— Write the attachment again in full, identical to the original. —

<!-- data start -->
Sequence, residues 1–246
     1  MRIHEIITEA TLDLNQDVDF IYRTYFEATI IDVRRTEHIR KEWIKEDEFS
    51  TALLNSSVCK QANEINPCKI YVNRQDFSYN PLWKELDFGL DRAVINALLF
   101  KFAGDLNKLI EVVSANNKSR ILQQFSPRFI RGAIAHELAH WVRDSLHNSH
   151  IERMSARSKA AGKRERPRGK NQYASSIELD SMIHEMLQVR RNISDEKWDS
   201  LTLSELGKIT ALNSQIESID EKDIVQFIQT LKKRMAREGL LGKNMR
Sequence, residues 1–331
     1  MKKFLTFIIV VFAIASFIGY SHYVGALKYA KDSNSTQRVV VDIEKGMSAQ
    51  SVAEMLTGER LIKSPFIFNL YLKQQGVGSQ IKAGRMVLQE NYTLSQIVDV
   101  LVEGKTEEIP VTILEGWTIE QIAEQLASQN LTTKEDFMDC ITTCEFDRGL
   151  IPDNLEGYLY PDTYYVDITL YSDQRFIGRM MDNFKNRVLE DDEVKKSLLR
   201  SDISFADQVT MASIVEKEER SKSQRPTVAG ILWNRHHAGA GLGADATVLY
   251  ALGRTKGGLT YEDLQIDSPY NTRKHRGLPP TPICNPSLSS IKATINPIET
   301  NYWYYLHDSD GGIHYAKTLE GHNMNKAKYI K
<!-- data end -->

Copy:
Sequence, residues 1–246
     1  MRIHEIITEA TLDLNQDVDF IYRTYFEATI IDVRRTEHIR KEWIKEDEFS
    51  TALLNSSVCK QANEINPCKI YVNRQDFSYN PLWKELDFGL DRAVINALLF
   101  KFAGDLNKLI EVVSANNKSR ILQQFSPRFI RGAIAHELAH WVRDSLHNSH
   151  IERMSARSKA AGKRERPRGK NQYASSIELD SMIHEMLQVR RNISDEKWDS
   201  LTLSELGKIT ALNSQIESID EKDIVQFIQT LKKRMAREGL LGKNMR
Sequence, residues 1–331
     1  MKKFLTFIIV VFAIASFIGY SHYVGALKYA KDSNSTQRVV VDIEKGMSAQ
    51  SVAEMLTGER LIKSPFIFNL YLKQQGVGSQ IKAGRMVLQE NYTLSQIVDV
   101  LVEGKTEEIP VTILEGWTIE QIAEQLASQN LTTKEDFMDC ITTCEFDRGL
   151  IPDNLEGYLY PDTYYVDITL YSDQRFIGRM MDNFKNRVLE DDEVKKSLLR
   201  SDISFADQVT MASIVEKEER SKSQRPTVAG ILWNRHHAGA GLGADATVLY
   251  ALGRTKGGLT YEDLQIDSPY NTRKHRGLPP TPICNPSLSS IKATINPIET
   301  NYWYYLHDSD GGIHYAKTLE GHNMNKAKYI K